Wednesday’s Word of the Day: Aberration

2 11 2011

Today’s word is aberration.  The definition means an aberrant state.  One of the many definitions of aberrant is the act of deviating from the ordinary, usual, or normal type.  While watching the Dallas Cowboys debacle, disaster, rough game against the Philadelphia Eagles, I told a friend that I hoped this performance was an aberration.  It did not help much to think that way during the game, but throughout the head coach’s post-game press conference, Jason Garrett said that the other team was simply better tonight (i.e. basically, this game was an aberration) and that he was focused on moving ahead.  I am a fan of the coach because of his consistent message: stacking good days on top of one another, being better today than we were yesterday, and learning from the past.

The word’s root is the Latin aberrare from ab- meaning away and errare meaning to wander.  The literal meaning then is to wander away.  While I hope my team recovers from the game they played on Sunday, there is an interesting parallel between the game of football, or any sport for that matter, and the aberrant nature of sin in the life of Jesus’ followers.  While we are set free in surrender to Christ, our lives change gradually overtime because surrender is a daily practice.

The Christian life is one that can be full of aberrations.  At least, the hope for me is that as Christians our poor choices are aberrations.  Of course, the Bible has a lot to say about the life of a believer.  In particular, the twelve disciples (Judas included) are examples for believers today.  I will get to why Judas would be an example to believers in a moment, but for now let’s begin with Peter.

One of  my favorite things about Peter the Apostle is his willingness to make bold (sometimes rash) statements.  For Peter to be the voice of reason (at least early in his walk with Jesus), the moment would have been an aberration.  The bible is rife with Peter’s greatest hits, i.e. walking on water, cutting off the ear of the temple guard, telling Jesus what to do!  The last story is a good example of Peter’s chutzpah.

The story is in the book of Matthew, chapter 16.  Jesus asked the disciples the question, “…who do you say that I am?”  Peter responded, “You are the Christ, the Son of the living God.”  Jesus goes on to tell Peter that he’s blessed because Jesus’ Father gave Peter that special revelation.  Jesus, also renamed him Peter, which means rock, and called him the foundation of the church with the “key to the kingdom” and the power to loose and bind in heaven and on earth!  How wonderful must it have been to hear those words.

However, following this moment,  the story takes a dark turn for Peter.  Jesus begins to lay out the path that He must follow to the Cross, and Peter interrupts Him saying, “This shall never happen to you.”  Then Jesus, not a few minutes removed from calling Simon the rock, the foundation, calls him Satan because Peter was a hindrance to Jesus and was setting his mind on things of man not the things of God. Ouch!  How much that must have stung this brash disciple.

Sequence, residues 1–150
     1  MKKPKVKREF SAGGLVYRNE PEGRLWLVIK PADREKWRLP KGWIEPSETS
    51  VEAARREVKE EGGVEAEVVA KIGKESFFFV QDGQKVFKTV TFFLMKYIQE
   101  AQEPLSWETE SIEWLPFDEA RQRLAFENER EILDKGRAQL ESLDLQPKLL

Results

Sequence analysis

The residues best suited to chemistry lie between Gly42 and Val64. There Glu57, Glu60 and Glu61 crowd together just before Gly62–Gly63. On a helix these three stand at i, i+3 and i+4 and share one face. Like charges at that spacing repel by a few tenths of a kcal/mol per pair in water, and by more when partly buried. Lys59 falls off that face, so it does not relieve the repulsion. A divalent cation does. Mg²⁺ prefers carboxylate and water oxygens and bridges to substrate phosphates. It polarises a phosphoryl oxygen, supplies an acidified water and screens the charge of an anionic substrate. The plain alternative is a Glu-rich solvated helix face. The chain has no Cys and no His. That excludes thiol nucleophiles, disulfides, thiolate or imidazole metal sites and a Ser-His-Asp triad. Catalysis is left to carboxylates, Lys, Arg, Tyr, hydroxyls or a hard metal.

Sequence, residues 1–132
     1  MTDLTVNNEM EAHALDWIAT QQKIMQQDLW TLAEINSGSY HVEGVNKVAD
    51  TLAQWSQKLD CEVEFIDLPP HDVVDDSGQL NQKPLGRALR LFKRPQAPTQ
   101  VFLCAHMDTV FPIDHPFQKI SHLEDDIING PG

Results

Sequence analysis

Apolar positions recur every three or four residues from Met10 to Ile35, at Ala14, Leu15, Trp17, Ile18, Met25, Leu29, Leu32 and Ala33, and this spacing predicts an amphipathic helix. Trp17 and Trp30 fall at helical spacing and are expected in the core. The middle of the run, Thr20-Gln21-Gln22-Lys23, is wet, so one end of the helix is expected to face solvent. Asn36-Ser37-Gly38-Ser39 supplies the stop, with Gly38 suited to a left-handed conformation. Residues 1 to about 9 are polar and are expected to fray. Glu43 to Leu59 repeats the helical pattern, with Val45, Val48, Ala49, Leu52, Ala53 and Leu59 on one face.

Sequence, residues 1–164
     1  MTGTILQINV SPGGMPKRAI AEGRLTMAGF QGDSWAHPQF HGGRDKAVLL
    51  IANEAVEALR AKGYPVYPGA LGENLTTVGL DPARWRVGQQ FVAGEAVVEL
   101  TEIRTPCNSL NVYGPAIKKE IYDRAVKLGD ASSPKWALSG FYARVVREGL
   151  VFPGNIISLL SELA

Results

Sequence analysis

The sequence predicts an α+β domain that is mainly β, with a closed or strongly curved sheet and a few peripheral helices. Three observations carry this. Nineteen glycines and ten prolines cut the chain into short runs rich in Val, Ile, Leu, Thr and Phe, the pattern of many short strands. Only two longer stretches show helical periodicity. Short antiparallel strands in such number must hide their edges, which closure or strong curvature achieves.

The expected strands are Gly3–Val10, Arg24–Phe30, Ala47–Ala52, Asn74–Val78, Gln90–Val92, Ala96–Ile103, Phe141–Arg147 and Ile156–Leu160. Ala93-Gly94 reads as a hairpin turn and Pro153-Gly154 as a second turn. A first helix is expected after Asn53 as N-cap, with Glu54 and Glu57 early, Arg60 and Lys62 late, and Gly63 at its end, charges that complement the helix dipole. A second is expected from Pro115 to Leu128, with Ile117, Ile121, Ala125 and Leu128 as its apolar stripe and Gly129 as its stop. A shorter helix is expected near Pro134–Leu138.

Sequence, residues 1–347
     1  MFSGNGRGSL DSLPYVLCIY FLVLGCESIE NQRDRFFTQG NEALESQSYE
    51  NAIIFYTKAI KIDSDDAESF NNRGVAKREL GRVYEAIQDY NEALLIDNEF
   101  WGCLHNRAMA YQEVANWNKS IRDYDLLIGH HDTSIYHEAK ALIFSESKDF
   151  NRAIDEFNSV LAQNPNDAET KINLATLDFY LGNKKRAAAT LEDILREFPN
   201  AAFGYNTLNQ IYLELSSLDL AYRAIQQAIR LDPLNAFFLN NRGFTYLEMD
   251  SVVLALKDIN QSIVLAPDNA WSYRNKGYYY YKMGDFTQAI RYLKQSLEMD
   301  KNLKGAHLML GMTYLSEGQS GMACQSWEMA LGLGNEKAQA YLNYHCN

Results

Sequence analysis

While I could give many more examples of Peter’s audacity, it is the aberrant nature of sin in a believer’s life that I wish to discuss.  First, let’s begin by addressing the idea of nature.  As an unbeliever, people do not have Holy Spirit, and therefore, they do not have a new nature, a spirit man (or woman).  They are slaves to their flesh and its desires.  However, since believers do have Holy Spirit, they have a new life in Christ.  What happens then is believers can now grow in their new life to “go on to maturity [leaving] a foundation of repentance from dead works.”

Sin in the believer’s life is an aberration because of the struggle between the flesh and Holy Spirit.  Paul talks about this struggle in Romans, chapter 7.  He says that because of this struggle (between flesh and Holy Spirit), that at times he cannot do what he wants and at others he does want he doesn’t want. He ends this discouraging discourse by stating the fact that he’s delivered in Christ. Before Christ, we were slaves to sin, but in Christ, we can be truly free.

This is where Judas’ life can be informative.  Judas is rightly vilified by history and in scripture as a traitor, and as a matter of fact, people who betray their friends are sometimes called Judas.  However, Judas is not alone.  How many times have we turned from God to the things of this world?  We are a like God’s chosen people, Israel, wandering the desert, constantly wishing to be back in captivity.  They were given food from heaven, and they wanted meat.  They grumbled and complained.  At times, how are we any different? In both of these situations, neither Judas nor the Israelites were set free by Christ.  They held on to the things of the world and remained enemies of God.

The question of whether sin in your life is an aberration or the standard is a matter of freedom, which is found in surrender to Jesus.  Have you answered His call to surrender?  Have you asked Him what He thinks of you?  Jesus bids you come, for His yoke is easy and His burden is light.




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